HARTFORD, Conn. – Travelers Championship officials already knew they would have the 2020 FedExCup champion and PGA Tour Player of the Year returning to TPC River Highlands in Cromwell next June.
But now they’ll also have the 2020 Masters champion after No. 1-ranked Dustin Johnson survived a shaky start Sunday at wind-swept Augusta National Golf Club to shoot a 4-under-par 68 for a record 72-hole total of 20-under 268 and a five-stroke victory over Masters rookies Sungjae Im of South Korea (69) and Cameron Smith of Australia (69). It was the largest margin of victory since defending champion Tiger Woods won his first of five Masters titles by a record 12 shots in 1997, and the 20-under tied the all-time major championship scoring record previously shared by Jason Day and Henrik Stenson.
When interviewed by CBS’ Amanda Balionis during a green jacket ceremony after winning the tournament that he always wanted to win most, the normally placid Johnson became an emotional mess, having to pause and wipe away tears several times before being able to speak.
“I was nervous, it was an internal battle with myself all day, but I’m proud of the way I handled myself and finished it off,” Johnson said after erasing some majors demons. “I definitely proved I can get it done on Sunday with the lead in a major, especially in tricky conditions, which is very hard to do. There were doubts in my mind just because I had been there. I’m in this position a lot of times. Like when am I going to have the lead and finish off the golf tournament or finish off a major?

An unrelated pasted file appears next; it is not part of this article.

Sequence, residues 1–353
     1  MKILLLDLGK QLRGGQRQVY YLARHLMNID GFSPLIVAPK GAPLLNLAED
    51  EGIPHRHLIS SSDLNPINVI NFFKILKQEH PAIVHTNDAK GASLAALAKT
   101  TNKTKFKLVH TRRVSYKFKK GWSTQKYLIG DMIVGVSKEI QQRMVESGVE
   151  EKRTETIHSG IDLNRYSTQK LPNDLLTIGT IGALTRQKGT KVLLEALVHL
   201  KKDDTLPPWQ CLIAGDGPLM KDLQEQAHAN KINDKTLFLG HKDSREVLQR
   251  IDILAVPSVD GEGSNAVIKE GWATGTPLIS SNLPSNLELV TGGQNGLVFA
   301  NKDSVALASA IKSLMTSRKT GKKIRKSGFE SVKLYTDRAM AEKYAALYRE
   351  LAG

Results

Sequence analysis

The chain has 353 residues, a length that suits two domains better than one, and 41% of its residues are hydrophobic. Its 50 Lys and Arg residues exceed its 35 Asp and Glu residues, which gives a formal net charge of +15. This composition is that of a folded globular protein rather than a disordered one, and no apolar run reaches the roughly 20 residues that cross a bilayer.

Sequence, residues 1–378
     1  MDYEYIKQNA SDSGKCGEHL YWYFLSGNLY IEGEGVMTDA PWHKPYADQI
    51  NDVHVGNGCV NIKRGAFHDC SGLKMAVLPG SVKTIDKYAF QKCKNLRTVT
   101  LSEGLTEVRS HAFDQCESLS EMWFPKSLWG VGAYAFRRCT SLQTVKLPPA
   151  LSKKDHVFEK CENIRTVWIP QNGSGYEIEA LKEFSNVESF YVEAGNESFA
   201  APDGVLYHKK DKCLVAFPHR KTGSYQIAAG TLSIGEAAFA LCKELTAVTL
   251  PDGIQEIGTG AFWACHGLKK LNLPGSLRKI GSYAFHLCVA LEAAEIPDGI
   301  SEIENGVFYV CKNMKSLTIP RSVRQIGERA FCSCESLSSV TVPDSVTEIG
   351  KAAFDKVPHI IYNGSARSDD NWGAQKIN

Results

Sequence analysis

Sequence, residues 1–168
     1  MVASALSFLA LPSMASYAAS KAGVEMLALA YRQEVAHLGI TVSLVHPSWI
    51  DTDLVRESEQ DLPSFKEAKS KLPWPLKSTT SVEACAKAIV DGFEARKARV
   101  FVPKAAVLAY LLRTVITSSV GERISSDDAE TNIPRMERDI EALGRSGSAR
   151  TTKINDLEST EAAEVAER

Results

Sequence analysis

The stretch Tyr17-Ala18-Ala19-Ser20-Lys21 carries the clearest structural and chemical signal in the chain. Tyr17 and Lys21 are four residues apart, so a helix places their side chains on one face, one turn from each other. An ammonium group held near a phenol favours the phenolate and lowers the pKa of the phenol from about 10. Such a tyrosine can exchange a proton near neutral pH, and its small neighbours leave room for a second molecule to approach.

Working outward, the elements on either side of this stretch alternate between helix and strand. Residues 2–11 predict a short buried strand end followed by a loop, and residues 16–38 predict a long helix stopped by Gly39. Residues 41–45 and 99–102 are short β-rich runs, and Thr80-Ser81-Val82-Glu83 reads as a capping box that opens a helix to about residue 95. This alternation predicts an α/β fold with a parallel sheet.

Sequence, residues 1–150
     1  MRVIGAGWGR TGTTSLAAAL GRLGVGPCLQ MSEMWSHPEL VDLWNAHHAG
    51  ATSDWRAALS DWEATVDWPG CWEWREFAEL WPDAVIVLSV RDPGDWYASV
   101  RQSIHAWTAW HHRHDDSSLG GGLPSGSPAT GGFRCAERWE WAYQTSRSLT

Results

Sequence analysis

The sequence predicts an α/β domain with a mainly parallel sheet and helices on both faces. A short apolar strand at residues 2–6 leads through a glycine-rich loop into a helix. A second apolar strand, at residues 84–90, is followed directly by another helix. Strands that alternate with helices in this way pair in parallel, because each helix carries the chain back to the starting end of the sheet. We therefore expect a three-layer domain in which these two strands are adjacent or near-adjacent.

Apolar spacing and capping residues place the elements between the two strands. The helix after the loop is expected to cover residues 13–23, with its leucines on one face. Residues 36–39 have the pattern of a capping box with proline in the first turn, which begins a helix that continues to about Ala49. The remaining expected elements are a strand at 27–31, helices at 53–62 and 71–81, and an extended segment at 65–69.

“It’s truly a dream come true, especially having grown up only an hour away (in Irmo, S.C.). It’s really incredible, as you can tell. I’m pretty good at controlling myself on the golf course, but I’ve never had that much trouble gathering myself because it meant so much to me.”
A lot of Johnson’s problem trying to control his emotion was the 400 people surrounding the green included his fiancée, Paulina Gretzky, his younger brother/caddie Austin, coach Claude Harmon III and some other members of his team.